Wednesday, December 22, 2010

Over-Writing Vs Under-Writing

In the January 2011 issue of 'Writing Magazine' (a mag I would, incidentally, recommend all writers read), Lorraine Mace discusses the fact that writers fall into two categories when it comes to writing first drafts: over-writers and under-writers. The former group end up with a first draft containing too many words; the latter end up with too few.

Over-writers end up having to murder their darlings in re-writes. Like Lorraine Mace, I am an under-writer. My first drafts are rarely more than 50,000 words. I tend to stick to the facts in the early drafts. I don't worry myself with little things like description in the first draft. Or sub-plot.

So, serial under-writers like me have to spend several drafts fleshing out the story. It's one reason why I don't let anyone read my first drafts. If my first draft was a person, it would not only be naked, but have bare bones visible through the flesh - a stark and somewhat scary being really not fit to be seen in public.

Over-writers on the other hand have to go at the manuscript with a sharp object, hacking away all the excess flesh that's dragging down the plot and making the manuscript unwieldy and unmanageable.

The problem I have with being an under-writer is that when it comes to the second and third drafts, in a desperate attempt to increase the word count, I will sometimes overcompensate by adding too much unnecessary padding (a fact I'm sure my editor can verify). The final draft has to be a careful balance - enough description to add atmosphere and flavour; not so much that the manuscript has become an unwieldy tome.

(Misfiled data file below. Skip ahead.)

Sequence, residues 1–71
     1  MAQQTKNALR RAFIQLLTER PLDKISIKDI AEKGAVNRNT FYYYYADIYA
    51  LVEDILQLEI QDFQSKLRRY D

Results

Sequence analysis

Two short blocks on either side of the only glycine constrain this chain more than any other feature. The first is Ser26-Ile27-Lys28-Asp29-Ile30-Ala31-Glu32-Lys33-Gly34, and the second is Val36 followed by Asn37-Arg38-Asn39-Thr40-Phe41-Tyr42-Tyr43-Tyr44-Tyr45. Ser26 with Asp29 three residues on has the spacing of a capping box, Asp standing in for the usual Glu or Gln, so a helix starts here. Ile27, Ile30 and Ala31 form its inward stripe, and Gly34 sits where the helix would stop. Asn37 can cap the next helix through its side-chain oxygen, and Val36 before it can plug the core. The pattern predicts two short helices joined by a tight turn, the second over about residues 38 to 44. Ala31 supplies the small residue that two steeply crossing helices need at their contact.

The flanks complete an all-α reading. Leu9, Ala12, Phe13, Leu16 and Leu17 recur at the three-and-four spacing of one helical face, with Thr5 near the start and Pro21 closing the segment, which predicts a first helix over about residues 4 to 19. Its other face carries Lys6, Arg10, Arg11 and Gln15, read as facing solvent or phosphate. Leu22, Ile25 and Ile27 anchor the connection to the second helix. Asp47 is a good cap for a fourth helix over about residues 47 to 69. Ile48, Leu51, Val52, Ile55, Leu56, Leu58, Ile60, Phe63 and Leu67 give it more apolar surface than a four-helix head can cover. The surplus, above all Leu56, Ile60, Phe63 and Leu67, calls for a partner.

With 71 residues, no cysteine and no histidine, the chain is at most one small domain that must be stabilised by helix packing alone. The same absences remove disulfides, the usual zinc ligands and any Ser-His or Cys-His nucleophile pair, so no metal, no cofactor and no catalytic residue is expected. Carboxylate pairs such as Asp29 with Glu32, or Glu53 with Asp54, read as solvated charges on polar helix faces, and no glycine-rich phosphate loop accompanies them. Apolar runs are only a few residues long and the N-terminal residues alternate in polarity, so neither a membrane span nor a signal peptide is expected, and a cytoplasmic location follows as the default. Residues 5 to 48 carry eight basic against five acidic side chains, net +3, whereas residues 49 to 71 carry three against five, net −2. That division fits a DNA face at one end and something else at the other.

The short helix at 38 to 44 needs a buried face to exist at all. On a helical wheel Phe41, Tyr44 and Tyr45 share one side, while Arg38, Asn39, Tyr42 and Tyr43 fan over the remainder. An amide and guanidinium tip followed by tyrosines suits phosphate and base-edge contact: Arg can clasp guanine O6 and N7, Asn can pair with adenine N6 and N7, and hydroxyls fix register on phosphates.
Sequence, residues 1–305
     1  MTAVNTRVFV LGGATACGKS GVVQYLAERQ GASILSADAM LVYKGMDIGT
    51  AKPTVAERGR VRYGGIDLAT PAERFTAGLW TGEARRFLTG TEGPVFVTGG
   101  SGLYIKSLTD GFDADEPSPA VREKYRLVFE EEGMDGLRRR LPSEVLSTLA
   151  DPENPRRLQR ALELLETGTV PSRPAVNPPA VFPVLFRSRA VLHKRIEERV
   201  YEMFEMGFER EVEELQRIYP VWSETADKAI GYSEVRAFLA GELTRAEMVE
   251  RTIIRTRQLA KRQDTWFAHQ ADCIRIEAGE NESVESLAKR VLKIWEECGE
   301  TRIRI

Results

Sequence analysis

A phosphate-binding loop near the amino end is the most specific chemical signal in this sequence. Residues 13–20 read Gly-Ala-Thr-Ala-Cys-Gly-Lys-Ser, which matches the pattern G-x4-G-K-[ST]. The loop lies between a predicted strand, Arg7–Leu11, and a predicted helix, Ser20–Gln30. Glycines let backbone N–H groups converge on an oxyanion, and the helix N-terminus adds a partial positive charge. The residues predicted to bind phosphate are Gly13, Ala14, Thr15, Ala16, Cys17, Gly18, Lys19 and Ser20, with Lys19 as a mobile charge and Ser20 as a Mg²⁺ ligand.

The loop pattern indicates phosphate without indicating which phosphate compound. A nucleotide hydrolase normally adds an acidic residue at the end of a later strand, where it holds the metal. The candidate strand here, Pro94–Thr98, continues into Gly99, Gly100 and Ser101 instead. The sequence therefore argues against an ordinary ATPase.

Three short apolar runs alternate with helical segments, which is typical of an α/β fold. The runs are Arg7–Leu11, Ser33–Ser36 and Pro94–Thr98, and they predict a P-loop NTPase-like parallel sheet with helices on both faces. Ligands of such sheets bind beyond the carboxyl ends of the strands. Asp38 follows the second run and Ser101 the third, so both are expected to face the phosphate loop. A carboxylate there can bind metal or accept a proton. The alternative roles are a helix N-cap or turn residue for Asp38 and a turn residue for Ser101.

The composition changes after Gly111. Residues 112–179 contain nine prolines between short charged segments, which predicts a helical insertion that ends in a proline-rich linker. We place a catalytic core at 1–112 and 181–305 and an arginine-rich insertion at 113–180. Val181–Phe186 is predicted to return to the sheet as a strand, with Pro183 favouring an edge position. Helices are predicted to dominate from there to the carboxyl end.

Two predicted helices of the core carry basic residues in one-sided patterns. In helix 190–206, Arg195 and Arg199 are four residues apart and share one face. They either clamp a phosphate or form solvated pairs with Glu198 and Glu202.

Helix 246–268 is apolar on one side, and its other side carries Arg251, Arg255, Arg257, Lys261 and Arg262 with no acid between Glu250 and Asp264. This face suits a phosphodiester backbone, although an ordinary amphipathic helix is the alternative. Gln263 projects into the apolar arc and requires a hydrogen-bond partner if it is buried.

Thankfully, that's why first drafts exist. They're allowed to be rubbish. By the time it gets to the fifth or sixth draft, my WIP will emerge, blinking, into the light, hopefully a halfway presentable manuscript.

So over-writer or under-writer? Which are you?


Misha said...

Under-writer. Definitely.

If I don't just get through the bare-bones story as fast as possible, I'd still be stuck editing and fleshing out chapter one.

Mine is a race against the inner sensor.


Nerine Dorman said...

**waves scalpel at Sara's manuscript**

It's a case of being able to make judgment calls with regard to which information is going to move your plot forward and what is just that: padding.

Another thing that I've learnt to watch out for is "talking heads" syndrome with dialogue, when characters are nattering and what they discuss also has very little to do with the plot.

I have, in the past, been guilty of all of the above.

Anonymous said...

My very first novel - the one that's locked up in a trunk never to see the light of day - was definitely a case of overwriting. Since then I have tended to underwrite.